By virtue of the present invention, such a needed diluent has now been found. By the utilization of supercritical fluids, such as supercritical carbon dioxide fluid, as diluents in highly viscous organic solvent-borne and/or highly viscous non-aqueous dispersion adhesive coating compositions, it is now possible to dilute these compositions to application viscosity required for liquid spray techniques.

In addition to the above noted advantage, namely, being able to reduce the amount of environmental pollution caused by the use of volatile solvents, the utilization of supercritical fluids to act as a diluent with adhesive compositions intended for spray application provides yet even further significant advantages.

Specifically, for example, once an adhesive composition is applied to the substrate to be coated, the organic solvents and/or non-aqueous diluents must generally then be removed. Porous substrates, such as paper, permit the liquid solvent and/or diluent to be drawn away from the glue layer. If, however, both adherends are impermeable it is then necessary to evaporate the solvent before mating the two surfaces that are to be bonded, thereby slowing production. Clearly, by the utilization of a supercritical fluid, the amount of such volatile solvent and/or diluent can be significantly reduced thereby reducing, in turn, any problems that may be associated with the removal of such solvent and/or diluent from the coated substrate.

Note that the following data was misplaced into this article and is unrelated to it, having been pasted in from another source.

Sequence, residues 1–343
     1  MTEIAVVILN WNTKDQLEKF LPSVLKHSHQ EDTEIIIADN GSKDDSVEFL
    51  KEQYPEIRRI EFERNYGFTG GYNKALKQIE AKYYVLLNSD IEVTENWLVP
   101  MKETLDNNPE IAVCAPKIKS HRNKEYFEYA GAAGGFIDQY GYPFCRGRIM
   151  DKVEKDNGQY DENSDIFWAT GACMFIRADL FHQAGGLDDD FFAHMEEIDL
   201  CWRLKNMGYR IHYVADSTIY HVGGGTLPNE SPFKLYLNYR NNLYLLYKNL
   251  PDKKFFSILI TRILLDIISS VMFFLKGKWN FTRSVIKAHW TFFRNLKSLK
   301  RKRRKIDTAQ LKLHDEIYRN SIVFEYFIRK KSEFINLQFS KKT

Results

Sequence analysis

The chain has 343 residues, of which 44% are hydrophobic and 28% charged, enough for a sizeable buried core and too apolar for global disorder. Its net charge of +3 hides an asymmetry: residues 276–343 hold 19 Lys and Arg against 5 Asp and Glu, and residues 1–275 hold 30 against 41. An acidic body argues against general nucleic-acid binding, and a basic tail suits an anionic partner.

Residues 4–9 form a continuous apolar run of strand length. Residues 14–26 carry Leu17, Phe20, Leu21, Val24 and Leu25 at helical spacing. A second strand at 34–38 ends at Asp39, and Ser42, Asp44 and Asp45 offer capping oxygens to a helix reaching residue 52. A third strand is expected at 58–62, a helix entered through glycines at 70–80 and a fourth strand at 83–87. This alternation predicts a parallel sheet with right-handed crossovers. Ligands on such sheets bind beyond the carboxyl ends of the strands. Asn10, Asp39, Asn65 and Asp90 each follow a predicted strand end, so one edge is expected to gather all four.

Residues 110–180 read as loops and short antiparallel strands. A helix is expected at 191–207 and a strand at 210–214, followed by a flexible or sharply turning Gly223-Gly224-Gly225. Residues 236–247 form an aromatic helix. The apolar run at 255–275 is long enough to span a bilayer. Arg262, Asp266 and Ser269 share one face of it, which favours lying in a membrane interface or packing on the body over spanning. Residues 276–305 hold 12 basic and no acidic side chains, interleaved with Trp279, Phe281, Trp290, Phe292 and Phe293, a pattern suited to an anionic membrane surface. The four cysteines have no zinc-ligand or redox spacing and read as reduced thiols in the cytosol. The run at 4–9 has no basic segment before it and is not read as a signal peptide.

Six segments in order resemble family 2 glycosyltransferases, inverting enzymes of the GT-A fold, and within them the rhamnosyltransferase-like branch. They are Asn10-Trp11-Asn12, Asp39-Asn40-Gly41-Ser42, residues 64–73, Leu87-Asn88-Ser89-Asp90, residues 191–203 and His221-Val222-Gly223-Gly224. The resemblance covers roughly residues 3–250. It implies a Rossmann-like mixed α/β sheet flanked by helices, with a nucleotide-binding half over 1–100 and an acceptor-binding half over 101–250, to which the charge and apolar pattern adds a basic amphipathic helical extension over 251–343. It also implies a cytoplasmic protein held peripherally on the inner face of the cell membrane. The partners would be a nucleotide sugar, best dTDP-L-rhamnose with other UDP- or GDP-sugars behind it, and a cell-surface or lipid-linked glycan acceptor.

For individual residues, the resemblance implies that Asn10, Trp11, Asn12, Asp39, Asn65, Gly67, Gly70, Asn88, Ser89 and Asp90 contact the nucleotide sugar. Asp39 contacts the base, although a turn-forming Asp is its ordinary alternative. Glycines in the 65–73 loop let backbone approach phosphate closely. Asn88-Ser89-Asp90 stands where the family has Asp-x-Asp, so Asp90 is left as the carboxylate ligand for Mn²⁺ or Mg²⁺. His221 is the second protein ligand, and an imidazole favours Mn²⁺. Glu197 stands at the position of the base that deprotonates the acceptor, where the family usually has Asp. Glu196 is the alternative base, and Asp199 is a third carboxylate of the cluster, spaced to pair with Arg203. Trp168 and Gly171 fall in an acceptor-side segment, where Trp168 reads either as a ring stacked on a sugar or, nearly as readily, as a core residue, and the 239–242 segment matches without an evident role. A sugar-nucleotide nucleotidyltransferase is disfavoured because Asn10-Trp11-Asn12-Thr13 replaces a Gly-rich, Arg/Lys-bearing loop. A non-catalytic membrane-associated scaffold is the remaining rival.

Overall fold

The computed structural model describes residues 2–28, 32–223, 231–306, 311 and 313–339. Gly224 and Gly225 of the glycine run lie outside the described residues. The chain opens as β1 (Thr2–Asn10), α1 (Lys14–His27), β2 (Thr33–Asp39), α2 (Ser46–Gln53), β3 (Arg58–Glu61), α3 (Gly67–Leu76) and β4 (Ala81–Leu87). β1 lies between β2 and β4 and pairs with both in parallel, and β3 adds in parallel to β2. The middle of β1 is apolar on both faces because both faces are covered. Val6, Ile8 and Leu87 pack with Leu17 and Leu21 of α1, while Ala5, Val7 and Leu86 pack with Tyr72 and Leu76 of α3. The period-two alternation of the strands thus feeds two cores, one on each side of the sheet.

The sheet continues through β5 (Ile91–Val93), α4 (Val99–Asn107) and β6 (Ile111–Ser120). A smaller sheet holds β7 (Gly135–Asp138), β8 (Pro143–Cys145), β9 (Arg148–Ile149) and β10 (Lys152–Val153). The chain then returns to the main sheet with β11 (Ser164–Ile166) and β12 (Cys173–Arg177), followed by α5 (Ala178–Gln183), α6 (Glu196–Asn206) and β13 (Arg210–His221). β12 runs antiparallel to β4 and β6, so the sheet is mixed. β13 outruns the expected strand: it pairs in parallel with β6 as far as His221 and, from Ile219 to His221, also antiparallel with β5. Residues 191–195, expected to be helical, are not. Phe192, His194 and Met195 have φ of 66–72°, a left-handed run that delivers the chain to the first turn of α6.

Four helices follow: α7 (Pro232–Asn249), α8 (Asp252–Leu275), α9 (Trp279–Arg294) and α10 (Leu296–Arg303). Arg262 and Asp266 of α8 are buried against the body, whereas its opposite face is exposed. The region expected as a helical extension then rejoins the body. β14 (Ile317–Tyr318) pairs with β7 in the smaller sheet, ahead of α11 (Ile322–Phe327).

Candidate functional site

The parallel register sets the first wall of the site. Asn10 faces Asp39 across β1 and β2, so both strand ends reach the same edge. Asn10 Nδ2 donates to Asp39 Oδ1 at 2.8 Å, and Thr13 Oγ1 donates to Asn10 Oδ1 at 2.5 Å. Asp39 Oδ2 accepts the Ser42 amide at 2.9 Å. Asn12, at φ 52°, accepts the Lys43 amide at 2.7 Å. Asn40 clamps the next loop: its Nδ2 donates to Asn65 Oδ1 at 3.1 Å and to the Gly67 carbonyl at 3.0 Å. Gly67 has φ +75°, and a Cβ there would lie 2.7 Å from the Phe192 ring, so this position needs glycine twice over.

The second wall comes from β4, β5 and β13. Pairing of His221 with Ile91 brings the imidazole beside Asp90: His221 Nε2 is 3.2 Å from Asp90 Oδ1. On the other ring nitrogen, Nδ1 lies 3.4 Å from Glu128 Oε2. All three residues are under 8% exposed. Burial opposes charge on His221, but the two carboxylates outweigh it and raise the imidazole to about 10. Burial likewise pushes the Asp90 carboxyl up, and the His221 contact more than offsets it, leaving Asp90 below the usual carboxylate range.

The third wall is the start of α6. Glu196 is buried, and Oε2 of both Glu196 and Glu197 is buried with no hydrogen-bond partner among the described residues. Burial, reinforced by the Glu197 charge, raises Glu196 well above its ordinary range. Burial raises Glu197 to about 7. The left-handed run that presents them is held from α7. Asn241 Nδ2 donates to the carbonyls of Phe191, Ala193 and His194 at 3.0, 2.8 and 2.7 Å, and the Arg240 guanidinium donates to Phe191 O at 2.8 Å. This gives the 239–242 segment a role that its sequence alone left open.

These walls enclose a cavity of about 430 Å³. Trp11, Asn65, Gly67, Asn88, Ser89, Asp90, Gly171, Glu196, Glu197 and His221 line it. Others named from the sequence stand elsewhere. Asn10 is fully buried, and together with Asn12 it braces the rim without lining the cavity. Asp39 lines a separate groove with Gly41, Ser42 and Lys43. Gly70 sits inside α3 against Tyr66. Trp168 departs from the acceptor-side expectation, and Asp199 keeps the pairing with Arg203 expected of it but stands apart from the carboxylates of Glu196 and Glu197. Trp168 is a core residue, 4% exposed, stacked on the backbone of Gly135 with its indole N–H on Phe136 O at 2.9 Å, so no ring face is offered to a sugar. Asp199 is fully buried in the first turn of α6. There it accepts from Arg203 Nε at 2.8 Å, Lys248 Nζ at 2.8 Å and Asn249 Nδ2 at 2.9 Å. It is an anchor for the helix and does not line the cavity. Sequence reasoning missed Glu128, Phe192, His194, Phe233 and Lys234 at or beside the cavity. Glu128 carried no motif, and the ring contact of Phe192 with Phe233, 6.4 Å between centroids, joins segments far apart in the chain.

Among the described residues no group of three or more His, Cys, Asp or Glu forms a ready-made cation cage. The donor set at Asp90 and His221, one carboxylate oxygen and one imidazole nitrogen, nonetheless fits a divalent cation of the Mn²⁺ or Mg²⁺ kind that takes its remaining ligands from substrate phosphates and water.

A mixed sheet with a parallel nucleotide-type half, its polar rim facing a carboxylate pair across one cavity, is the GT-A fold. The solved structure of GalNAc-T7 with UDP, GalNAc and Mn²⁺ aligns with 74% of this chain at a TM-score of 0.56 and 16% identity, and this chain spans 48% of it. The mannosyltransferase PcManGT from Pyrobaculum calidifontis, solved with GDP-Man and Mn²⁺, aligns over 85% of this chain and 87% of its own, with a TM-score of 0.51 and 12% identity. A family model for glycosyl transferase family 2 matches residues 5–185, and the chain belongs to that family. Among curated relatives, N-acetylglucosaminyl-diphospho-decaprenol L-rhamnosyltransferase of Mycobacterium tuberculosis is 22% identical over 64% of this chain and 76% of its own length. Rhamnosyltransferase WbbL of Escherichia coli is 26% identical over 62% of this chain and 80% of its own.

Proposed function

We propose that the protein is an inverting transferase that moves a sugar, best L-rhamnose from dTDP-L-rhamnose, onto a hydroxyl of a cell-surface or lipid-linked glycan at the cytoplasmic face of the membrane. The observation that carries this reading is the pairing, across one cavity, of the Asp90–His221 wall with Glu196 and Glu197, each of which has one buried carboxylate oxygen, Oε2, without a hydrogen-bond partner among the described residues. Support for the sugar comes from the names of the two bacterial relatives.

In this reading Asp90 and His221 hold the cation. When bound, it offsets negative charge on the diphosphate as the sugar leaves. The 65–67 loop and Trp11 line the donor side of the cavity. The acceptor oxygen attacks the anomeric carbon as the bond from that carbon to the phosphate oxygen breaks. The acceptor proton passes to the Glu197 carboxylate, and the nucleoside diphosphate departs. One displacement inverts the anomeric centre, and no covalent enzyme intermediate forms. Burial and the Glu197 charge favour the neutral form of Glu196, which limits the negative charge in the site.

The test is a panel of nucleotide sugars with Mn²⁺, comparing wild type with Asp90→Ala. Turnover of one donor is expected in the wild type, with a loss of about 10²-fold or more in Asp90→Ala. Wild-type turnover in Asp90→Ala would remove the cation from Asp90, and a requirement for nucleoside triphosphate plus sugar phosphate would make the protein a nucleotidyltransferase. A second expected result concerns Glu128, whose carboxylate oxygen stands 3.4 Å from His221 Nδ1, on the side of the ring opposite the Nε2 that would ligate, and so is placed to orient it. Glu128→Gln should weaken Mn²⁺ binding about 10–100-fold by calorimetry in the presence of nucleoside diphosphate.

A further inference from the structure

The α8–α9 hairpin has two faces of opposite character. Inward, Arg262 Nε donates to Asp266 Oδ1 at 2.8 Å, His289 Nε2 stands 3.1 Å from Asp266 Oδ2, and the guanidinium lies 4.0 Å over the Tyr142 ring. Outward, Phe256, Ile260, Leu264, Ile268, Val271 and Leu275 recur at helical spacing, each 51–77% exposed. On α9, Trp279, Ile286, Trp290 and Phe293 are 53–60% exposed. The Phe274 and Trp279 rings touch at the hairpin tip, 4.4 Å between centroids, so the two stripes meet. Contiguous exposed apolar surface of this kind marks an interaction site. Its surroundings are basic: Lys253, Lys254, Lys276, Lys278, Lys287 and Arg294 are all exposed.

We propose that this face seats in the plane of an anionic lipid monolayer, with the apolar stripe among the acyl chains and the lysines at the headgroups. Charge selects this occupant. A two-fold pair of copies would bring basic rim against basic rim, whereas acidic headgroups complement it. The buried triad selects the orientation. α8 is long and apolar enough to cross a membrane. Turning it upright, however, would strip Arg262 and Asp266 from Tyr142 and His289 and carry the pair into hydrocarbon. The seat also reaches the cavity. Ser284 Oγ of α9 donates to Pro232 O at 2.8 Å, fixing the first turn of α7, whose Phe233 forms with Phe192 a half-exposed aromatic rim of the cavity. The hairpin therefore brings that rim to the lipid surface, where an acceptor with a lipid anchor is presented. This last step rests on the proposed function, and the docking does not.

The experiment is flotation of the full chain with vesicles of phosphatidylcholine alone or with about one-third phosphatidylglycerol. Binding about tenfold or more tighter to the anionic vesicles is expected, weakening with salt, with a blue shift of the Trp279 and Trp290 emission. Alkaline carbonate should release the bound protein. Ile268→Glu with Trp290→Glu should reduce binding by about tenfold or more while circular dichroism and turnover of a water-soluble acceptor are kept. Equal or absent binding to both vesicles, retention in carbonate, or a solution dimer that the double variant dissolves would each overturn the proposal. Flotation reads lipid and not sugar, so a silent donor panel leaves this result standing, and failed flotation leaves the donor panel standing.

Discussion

Furthermore, adhesive compositions exist whose properties are such that they entrap solvents and/or diluents and thereby retard subsequent curing. This generally tends to reduce the ultimate cohesive strength of the bonded composite. Here again, by the use of supercritical fluids, which are used to replace a significant portion of such volatile solvents and/or diluents, this problem too is materially reduced.